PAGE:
Date of this Version
Chambers, Chante. "A Pilot Study: The Use of a Survey to Assess the Food Knowledge of Nutrition Students at Various Levels of Nutrition Education" (2012). Open Access Theses and Dissertations from the College of Education and Human Sciences.
A working definition of a concept known as ‘food literacy’ encompasses using basic food preparation knowledge that has been learned, understood, and practiced to make better food decisions. To advance these skills for client service, a post-secondary nutrition program would need to include objectives that allow application of knowledge. For this reason, the purpose of this study was to determine the difference in knowledge and application among students in 100, 200 and 400 level college nutrition course(s). A survey was developed to measure the food knowledge of these college students as they prepare for careers as health care professionals. The survey emphasized the application of proper food knowledge toward the general population. Students involved with this study were currently enrolled in nutrition courses that instructed on nutrition as it relates to health, food safety and chronic disease management. Results from this study suggested that mean scores of students in 200 and 400 level nutrition courses were significantly higher than those in 100 level nutrition course. Further research could expand the survey’s scope, depth and consistency of information.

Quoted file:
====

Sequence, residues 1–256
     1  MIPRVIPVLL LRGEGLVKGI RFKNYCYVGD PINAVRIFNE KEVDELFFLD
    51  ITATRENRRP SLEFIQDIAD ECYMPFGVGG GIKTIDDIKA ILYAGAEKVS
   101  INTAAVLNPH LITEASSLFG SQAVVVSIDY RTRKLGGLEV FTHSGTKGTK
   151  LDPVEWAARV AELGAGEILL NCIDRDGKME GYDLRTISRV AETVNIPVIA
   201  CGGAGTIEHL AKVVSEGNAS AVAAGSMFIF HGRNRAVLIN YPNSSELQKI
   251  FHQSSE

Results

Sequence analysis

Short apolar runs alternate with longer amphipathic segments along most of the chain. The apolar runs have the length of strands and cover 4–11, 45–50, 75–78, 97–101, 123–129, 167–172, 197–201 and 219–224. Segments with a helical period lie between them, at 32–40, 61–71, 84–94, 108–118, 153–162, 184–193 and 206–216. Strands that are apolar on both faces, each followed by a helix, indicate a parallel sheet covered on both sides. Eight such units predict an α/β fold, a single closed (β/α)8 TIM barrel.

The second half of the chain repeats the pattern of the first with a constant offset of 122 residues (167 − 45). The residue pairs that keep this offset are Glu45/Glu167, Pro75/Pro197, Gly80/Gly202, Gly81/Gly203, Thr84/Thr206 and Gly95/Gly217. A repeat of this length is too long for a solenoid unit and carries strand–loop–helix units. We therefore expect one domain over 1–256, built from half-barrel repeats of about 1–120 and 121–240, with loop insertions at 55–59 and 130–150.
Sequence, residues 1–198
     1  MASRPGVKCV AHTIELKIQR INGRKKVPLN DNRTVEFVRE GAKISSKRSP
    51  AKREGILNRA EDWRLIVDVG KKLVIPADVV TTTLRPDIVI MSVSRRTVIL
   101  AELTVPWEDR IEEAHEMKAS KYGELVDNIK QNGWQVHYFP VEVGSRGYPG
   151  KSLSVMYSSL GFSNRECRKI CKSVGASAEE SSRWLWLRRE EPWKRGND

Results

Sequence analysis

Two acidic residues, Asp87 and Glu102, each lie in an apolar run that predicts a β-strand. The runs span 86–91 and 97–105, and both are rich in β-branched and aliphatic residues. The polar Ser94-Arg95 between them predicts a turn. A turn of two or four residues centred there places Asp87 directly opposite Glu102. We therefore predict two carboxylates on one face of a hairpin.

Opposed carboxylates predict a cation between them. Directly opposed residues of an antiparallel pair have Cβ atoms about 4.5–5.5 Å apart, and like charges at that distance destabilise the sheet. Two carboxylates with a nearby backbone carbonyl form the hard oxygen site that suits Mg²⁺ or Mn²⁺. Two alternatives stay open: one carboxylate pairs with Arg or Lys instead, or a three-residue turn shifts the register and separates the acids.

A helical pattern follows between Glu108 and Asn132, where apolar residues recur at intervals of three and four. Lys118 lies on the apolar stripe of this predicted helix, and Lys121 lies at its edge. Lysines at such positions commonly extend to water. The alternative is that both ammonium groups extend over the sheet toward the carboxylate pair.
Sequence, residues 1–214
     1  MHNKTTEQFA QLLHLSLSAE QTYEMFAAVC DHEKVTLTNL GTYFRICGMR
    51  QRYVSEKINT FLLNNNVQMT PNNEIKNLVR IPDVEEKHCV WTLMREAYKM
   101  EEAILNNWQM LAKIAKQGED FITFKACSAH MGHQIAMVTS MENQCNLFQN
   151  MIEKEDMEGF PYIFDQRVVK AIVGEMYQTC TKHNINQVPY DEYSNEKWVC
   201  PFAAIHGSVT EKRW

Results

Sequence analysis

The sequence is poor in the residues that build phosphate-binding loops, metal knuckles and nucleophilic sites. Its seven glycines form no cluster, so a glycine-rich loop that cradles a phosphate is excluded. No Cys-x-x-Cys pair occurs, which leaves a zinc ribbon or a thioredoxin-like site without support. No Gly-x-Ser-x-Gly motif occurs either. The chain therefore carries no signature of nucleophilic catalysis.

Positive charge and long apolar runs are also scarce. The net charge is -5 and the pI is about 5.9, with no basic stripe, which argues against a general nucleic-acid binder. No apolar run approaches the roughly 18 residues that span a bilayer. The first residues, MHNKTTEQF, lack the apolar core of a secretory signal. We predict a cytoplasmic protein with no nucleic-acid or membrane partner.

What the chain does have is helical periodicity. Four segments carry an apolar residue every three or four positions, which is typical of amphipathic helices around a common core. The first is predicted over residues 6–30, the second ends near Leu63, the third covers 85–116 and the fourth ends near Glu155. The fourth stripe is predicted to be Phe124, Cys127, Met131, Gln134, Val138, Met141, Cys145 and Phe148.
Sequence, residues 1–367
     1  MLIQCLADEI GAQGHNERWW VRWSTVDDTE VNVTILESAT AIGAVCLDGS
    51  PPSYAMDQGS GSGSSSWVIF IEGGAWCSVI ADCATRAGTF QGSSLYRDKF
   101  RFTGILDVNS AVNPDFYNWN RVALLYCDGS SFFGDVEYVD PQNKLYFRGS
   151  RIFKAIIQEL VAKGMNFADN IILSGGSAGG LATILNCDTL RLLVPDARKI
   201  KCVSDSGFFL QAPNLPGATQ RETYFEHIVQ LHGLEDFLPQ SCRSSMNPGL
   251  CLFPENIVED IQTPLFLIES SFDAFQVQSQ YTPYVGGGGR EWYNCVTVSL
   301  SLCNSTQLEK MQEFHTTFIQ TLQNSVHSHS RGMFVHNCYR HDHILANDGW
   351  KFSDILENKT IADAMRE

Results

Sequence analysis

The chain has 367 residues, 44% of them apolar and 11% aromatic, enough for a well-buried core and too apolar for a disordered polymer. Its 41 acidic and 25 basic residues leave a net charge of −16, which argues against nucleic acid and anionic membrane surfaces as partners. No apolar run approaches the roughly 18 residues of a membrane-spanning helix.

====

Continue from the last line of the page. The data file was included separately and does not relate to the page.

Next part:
Advisor: Georgia Jones
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